Hawaiian Monk Seal on a Beach


SPECIES-  Hawaiian Monk Seal  (Monachus schauinslandi)

CURRENT RANGE-  Hawaiian Islands

CURRENT THREAT-  Human encroachment, entanglement in fishing nets, low levels of genetic variation

CONSERVATION STATUS-  Critically Endangered

WHERE YOU CAN SEE THEM-  Laysan, Midway, Pearl and Hermes Atoll, French Frigate Shoals, Lisianski and, occasionally, the beaches of Hawaii’s Big Island.



Known to Hawaii’s Polynesian natives as “Ilio-holo-i-ka-uaua,” or “dog that runs in rough water,” the Hawaiian Monk Seal is one of only two monk seal species left in the world (the other is the Mediterranean Monk Seal). They’re closely related to harbor seals, but are easily distinguishable by their grey coat, white belly and slim physique, which makes them extremely agile swimmers perfectly suited for fishing for octopus, squid and fish in deep water coral beds. Members of the Phocidae family (meaning they have no external ears and can’t rotate their back flippers underneath them), Hawaiian monk seals vary in size from 200-300 pound males to females that can weigh up to 600 pounds and measure 8 feet long. Though the species’ evolutionary history is still up for debate, scientists believe they migrated to Hawaii from the North Atlantic 4-11 million years ago.


Hawaiian Monk Seal Pup



With a population estimated around 1100, the Hawaiian Monk Seal faces so many threats, one wonders if they aren’t doomed to go the way of their extinct cousin, the Caribbean Monk Seal. Hunting by humans for meat, skins and oil in the 19th and 20th centuries nearly wiped them out. They still face myriad issues ranging from low juvenile survival rate (due to shark attacks, starvation due to reduced prey and getting tangled in marine debris) and habitat shrinking due to erosion in the Northwest Hawaiian Islands to overfishing of lobsters (one of their favorite foods) and low levels of genetic variability caused by over-hunting in the past.


Declared an endangered species in 1976, Hawaiian Monk Seals are now protected by the Endangered Species Act and the Marine Mammal Protection Act. In 2006, Papahānaumokuākea Marine National Monument was created, encompassing 140,000 square miles and including 10 Hawaiian islands and atolls, to protect the marine ecosystem of the area. In 2008, the seal was declared Hawaii’s official State Mammal to help raise public awareness of the species’ plight. The National Oceanic and Atmospheric Administration (NOAA) has funded research on the population’s dynamics and health, forming a major network of volunteers to help protect them while they bask on Hawaii’s beaches and nurse their young. And in 2011, NOAA’s National Marine Fisheries Service issues a controversial plan to improve protections for the seals, including  a de-worming program for juveniles, relocation from the main islands to the Northwestern islands, diet supplements at feeding stations, and even chemical alteration of aggressive seal behaviors. It may sound excessive, but sometimes it takes aggressive action to save a species…  –Bret Love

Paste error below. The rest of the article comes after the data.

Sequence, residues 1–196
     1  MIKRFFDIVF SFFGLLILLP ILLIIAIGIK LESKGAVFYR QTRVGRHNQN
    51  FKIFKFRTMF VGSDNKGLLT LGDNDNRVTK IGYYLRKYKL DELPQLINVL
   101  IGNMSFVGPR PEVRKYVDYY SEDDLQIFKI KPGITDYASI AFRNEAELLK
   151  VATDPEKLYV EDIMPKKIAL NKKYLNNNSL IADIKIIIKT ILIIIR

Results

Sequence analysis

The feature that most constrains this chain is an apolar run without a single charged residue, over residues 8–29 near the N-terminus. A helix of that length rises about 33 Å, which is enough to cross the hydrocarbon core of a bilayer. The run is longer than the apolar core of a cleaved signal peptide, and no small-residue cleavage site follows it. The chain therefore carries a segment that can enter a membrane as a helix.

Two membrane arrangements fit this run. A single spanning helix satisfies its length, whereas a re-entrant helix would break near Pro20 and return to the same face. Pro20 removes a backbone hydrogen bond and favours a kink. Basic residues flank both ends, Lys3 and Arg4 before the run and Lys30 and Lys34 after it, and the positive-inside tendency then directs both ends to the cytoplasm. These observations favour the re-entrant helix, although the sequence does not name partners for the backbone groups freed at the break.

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10 Responses to ENDANGERED SPECIES SPOTLIGHT- Hawaiian Monk Seal

  • Alexandra says:

    I love our Monk Seals! It is sad to see how bothered they get by people on the islands when they make a rare beach visit. They often just sun themselves on secluded beaches and while they wildlife departments come and rope off the area around them and constantly supervise the area so no one touches the animals they still are swarmed with people taking pictures and gawking at them! Only a little over a 1000 left… So sad!

    • Carl Winchester says:

      I feel your heartfelt comment Alexandra. A lot of care should be taken to the monk seals before they become extinct.

  • Cole @ Four Jandals says:

    I hate that there are so many endangered species you guys are finding! And why are they always the cutest ones.

  • Leigh says:

    I like your endangered series posts. Hopefully once the fall rolls around you can reach out – somehow – to schoolkids, since they’re the ones that can get their parents to make changes.

    Cute photos though I am always saddened by the fact that humans cause so much destruction.

    • Bret Love says:

      Thanks, Leigh! We’re still trying to figure out how to reach the readers that can most benefit from our “Go Green” stories (Eco News, Sustainable Living Tips, Endangered Species, etc). We’re part of an Education Bloggers FB group, so hopefully we’ll connect with someone there who might have good ideas.

  • Kristin says:

    Something should indeed be done to protect the monk seals. They are in great danger of being extinct.

  • Daniel Meloy says:

    It would be so sad if these beautiful creatures went extinct. There are so many ways everybody can contribute to and help with the alleviation of danger for these animals and animals all over the world. If everybody tried to do one thing a month to help, the world would be a much better place!

  • Mahalo for your article on our Hawaiian Monk Seals. They really need all the good press they can get. Their future does look bleak, but there are a good many people trying to save them … unfortunately, there are those who kill them, something their population just cannot take. 🙁

  • I meant to add that Niranjana Rengarajan on Facebook shared your article. 😉

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